I have not been just a fan of the band since 1990, but a full-fledged supporter - I must’ve been to at least 15-20 shows since the Pure Phase-era; purchased the obligatory shirt or two; and collecting almost every release, including promos, singles, EPs, albums, and limited edition releases (all on both CD and vinyl versions). Even in these digital days of the mp3, I still plunk down cash to buy any and all releases that get added to the ever-growing Spiritualized catalogue. So, what I’m trying to get at here is that I take each record on its own merits, as if it is its own entity, and next logical direction Jason wants to take the music in.

Remember how shocked Spiritualized-world was when Jason decided to fire the entire LAGWAFIS lineup? I guess he decided to take the music in a different direction and realized he couldn’t do it with that lineup. So thus ended the LGM/PP/LAGWAFIS era of Spiritualized. Since then, there were a couple of missteps, i.e. Let It Come Down, which in itself was a great record, if not a bit overindulgent, but it showed another side of Pierce - his ability to combine classical, blues, gospel and good old rock and roll - like this was the record he’s always wanted to make. And I think we can mostly that Amazing Grace was a complete mess. Pierce, aiming for that completely stripped-down production that left many fans, including myself, putting the album up on the shelf and let it collect dust. And even though the 3-disc reissue of LAGWAFIS was just a stop gap between Amazing Grace and Songs In A&E, they were chock-full of interesting insights into the recording of the album.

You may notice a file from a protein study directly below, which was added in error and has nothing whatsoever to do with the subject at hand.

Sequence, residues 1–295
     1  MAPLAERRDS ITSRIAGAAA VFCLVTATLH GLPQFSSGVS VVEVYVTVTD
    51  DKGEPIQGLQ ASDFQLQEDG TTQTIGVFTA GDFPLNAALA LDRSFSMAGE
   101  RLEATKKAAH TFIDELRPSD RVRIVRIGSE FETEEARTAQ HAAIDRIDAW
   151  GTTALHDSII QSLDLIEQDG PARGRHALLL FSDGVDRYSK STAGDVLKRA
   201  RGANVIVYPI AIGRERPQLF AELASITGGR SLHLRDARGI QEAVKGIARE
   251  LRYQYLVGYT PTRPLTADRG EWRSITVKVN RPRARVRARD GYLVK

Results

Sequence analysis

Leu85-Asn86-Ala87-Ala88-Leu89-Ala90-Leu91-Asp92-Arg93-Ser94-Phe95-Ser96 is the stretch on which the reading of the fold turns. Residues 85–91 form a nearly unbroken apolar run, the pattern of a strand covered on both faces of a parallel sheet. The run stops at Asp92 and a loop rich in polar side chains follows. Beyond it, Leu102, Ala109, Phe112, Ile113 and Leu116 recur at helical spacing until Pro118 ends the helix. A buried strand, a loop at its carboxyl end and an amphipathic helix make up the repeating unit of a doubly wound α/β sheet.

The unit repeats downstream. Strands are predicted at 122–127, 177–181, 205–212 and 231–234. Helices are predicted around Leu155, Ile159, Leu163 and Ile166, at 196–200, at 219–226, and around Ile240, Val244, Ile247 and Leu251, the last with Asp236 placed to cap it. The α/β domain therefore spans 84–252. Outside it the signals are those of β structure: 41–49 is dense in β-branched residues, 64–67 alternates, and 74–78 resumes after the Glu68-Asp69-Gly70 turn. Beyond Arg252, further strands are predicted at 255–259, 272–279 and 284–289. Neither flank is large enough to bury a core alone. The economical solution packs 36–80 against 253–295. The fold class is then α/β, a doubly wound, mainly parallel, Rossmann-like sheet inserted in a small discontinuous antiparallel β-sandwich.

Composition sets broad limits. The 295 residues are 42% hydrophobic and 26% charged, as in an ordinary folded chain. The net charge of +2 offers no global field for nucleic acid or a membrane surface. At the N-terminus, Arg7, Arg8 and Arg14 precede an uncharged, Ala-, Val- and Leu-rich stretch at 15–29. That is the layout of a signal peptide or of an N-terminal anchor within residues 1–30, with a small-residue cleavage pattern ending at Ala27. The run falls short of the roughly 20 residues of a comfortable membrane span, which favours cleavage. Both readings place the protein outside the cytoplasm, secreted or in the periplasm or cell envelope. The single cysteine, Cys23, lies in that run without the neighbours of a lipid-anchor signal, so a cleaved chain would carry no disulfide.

Songs in A&E was a brilliant record through and through, considering that Jason was suffering through double pneumonia at the time. It sounded different from anything else he’s ever recorded. Now, that brings us up to the present day. I’ve managed to only listen to a few songs that are currently streaming over at NPR, and I must say, from what I have heard, this record sounds like it will be Spiritualized’s strongest and most focused to date. And if you noticed, a pattern has emerged throughout the years: Jason writes, produces and mixes at his absolute best when he is going through some really rough times. Times that would probably knock any mere mortal on his ass, forcing him to give up. But not Spaceman. He feeds off that negative energy and channels it into his music. And the world is a better place for it.

John Everhart
April 17th 2012
12:45pm

Interesting thoughts, Joseph. I put that in there because I didn’t hear the finished version (Jason tweaked it till the last minute), but now I’d unequivocally say that it’s my favorite record he’s done since Ladies & Gentlemen, and I’ve loved them all. Amazing Grace is perhaps my third favorite, followed by Pure Phase. This review isn’t meant to denigrate any of those efforts. I mainly made the comparison because Jason’s gone on record discussing how the Ladies & Gentlemen shows galvanized him in a sense that they made him consider what goes into a record that’s considered a “classic,” why it’s considered a classic (largely media buildup), and where Sweet Heart fits into that equation being the creation of a wizened veteran of the craft. Read the piece in the new magazine for elucidation, but what does this have to do with the actual music on the album? Not much. It stands on its own, and its sensational I think.